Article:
Wednesday, September 17, 2008

No Margin -- What a Day!

Elsie is still hanging out; she's been sleeping now for about four hours (getting ready for a long night, I suppose). No worries there.

That's just as well. I've had other things to deal with.

Around lunchtime, when DH called to check in, I'd just rotated the canine crew so that Pinot, Kenya, and Tuc were romping outside in our delightfully cool, low-humidity weather, Ridge was in the kennel room, and Elsie was roaming around inside doing her restless pacing. I talked with DH for about 10 minutes or so for our normal lunchtime check-in, then went to let the younger crew in from outside so Elsie could go out.

Lo and behold, only puppy Tuc was at the door.

Kenya and Pinot were gone. Vamoose. Absent. No sign of them anywhere, and all the gates were closed and all the fencing in tact.

Where were they?

I brought happy, wiggly Tuc in, crated him and Ridge, then started calling for Kenya and Pinot. I yelled. I hollared. I whistled. I pulled out DH's training whistle and blew away.

No sign, no sound of either of the girls. Zip. Zero. Nada.

I put Elsie back inside, rechecked inside the house, then walked the fence line, hiked the back hill, and checked the road out front as well as our front and side yards all the while calling for Pinot and Kenya.

No response.


Dead silence.

I checked on the neighbors' houses: Hazel, our one neighbors Rotty, was still lazing in the sun where she was chained in their backyard. The girls weren't playing with Hazel.

My next neighbor down was working in her garden with her standard poodle hanging out with her. They weren't playing with poodle Bailey.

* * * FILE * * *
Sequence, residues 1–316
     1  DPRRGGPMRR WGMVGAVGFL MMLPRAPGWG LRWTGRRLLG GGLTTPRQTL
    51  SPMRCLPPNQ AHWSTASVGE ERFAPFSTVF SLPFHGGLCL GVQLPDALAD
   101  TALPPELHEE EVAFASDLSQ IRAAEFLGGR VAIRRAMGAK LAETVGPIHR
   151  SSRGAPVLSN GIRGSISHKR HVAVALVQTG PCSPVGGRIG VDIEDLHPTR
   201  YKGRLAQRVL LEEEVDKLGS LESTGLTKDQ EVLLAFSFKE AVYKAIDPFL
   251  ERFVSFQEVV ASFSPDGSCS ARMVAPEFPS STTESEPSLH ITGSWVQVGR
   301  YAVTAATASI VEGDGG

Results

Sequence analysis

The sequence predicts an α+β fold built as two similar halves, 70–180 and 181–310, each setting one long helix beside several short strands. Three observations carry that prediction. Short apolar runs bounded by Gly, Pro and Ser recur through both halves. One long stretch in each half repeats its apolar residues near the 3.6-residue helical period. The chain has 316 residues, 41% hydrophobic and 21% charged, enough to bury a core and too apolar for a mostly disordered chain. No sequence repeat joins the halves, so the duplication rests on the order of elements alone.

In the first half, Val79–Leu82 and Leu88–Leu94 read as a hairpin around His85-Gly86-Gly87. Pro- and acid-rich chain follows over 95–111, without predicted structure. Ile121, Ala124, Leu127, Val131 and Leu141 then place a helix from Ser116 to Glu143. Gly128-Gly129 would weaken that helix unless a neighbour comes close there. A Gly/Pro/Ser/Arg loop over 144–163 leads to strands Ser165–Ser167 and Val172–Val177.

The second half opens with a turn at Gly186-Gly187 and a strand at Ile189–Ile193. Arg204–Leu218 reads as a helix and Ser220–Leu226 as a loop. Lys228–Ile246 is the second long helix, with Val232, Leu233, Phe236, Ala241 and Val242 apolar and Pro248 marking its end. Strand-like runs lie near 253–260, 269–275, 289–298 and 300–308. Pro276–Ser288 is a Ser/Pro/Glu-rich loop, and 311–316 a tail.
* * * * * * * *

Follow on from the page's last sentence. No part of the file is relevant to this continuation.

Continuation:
My other neighbor on the other side was out working on his yard. And the girls, who just love all the people neighbors, were no where to be seen.

Now I was worried. Really worried. It reminded me of how I felt one time many years ago when I briefly lost sight of one my human kids, who was just a toddler at the time, in a crowd.

Then I heard three gunshots (not common this time a year; sounded like hunters).

The knot in my stomach clenched, and I got that sick, awful dread/fear that something really terrible had happened to my girls.

And, big surprise, I had absolutely no emotional margin left to deal with it.

I called DH, and started sobbing on the phone. "Pinot and Kenya are gone. I can't leave Elsie to drive around looking for them. I don't know what to do."

Just about that time, Dear Firstborn Son shows up, takes one look at me crying on the phone, and knows something is very wrong.

So DFS stayed with Elsie while I started driving all the back dirt roads where we walk the dogs. I called my sister to see if she could come help look, sobbing again on the phone with her (barely able to choke the words out that my girls were missing). Then I drove down to the neighbor's home who abutts our property way down behind the hill. An absolute dog lover, he offered to send his son out looking and told me I was welcome to trudge all over his property to look for Elsie and Kenya.

Then I started driving some more just to see if I could hear or see them. I heard sirens, and immediately thought the dogs, if they hadn't been shot by the gunshots I heard earlier, had been hit by a car and caused an accident. More tears.

I started praying, and calmed down a bit.

Then DFS called. The whole time I was out driving, he stood out on the deck where he could still keep an eye on Elsie while calling for Kenya and Pinot. And call away he did.

And don't you know, our two sweet Labbie girls came barreling back from about four houses down the road (go figure).

Kenya and Pinot were home, he told me. So I could come home, too.

I, of course, called DH and my sister to let them know. My relief was palpable. So was the increase in my sanity.

But now I'm completely wiped out.